Onward and Upward: Four Years of Blogging

November has, thus far, been rife with disappointment. On a personal level, I have slowly been making peace with my mother’s passing, less than two months ago, while weathering a relationship break-up that felt like a sucker punch. Regarding the former, it took several weeks to even register the fact that my mom was gone. As for the latter, I’ve been trying to assess what I must have done wrong, but am slowly coming to the conclusion that I will never know for sure. All I can say is that I haven’t been sleeping well.

On the world stage – and for the second occurrence in my lifetime – the better candidate for the United States Presidency won the popular vote but lost the election. And the other day, I logged onto social media to learn that one of my favorite mood poets, Leonard Cohen, had passed away at age 82.

At times like these, I tend towards the melancholy. I spent much of yesterday doing some archiving and came across a few blog posts from 2013. I realized that it was Election Day, 2012, when I moved to Mexico City and established gringopotpourri.com. My blog has changed a lot over the years. For one thing, the writing is better now than it was then. Darker, perhaps, but also better. The regionality of the content has also shifted from being mostly Mexico-focused to being largely Tennessee-focused.

To “celebrate” my blog’s four-year anniversary, I thought I’d share a few of my favorite posts for you, along with comments on how those posts either came to be or how they hold up today. And as always: Thanks for reading!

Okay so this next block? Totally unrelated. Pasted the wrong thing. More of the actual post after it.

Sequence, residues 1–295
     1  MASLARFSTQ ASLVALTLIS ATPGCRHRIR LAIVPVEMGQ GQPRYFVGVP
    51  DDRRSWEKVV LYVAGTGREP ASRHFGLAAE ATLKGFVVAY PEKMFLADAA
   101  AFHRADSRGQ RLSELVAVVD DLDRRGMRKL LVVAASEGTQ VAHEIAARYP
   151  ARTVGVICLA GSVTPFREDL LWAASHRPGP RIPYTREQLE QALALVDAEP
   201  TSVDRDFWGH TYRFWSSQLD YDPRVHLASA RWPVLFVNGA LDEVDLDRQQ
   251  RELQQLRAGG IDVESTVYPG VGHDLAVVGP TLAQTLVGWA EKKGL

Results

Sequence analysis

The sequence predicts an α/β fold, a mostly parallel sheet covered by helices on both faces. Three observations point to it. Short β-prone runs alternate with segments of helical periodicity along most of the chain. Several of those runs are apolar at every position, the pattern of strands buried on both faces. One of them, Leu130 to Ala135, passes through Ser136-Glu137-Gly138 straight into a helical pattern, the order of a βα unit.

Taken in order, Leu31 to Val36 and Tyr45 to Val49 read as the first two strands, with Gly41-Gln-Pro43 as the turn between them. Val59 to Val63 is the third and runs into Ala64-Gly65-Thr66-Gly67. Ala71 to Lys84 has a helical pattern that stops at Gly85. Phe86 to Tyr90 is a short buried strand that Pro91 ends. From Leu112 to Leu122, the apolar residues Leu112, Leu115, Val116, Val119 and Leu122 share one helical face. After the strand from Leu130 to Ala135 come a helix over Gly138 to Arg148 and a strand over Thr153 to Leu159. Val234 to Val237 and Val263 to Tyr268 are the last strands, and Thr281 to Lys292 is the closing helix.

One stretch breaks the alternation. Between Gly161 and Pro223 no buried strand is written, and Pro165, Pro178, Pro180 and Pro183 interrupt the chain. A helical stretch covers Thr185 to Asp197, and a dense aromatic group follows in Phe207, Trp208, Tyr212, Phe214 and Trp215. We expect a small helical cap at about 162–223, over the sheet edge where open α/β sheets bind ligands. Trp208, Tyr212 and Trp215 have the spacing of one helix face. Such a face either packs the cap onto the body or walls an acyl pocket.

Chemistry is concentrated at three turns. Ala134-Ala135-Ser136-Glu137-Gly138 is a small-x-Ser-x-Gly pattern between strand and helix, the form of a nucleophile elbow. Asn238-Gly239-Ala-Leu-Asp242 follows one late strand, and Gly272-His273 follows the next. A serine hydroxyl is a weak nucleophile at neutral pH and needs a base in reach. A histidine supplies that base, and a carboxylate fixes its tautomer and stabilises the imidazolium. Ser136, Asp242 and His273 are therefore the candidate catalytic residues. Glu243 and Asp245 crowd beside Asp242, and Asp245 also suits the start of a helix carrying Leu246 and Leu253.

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A Friday at Teotihuacán

I am way behind on this blog. I have so many ideas for topics to write about and so little time to actually put them all down on paper. This entry – about an early summer daytrip to the archaeological zone of Teotihuacán – is a long time coming. Said daytrip took place two months ago (!), and I’m only just now reporting on it to you, Loyal Reader. (I will often wait a bit after visiting somewhere before commenting on a place to let its impressions fully soak in, but this is just ridiculous.)

As you probably know, Teotihuacán is a large complex of ruins near Mexico City that is most famous for its pyramids, the Pyramid of the Moon and the larger Pyramid of the Sun. You may even recall that I ranked it as #5 in my Top Ten Mexico – The Country blog entry of January 2013. At the time that list was compiled, it had actually been ten years since my last visit to Teotihuacán. My photographic memory for travel details is like, say, my dad’s memory for baseball statistics. That is to say, I remembered my original visit like it was yesterday, and remain confident that my #5 ranking is just about right. Still, ten years is far too long to go between visits to a place as magnificent as Teotihuacán, so it was on a Friday in early June, with previous plans having fallen through, that I decided to make up for lost time.

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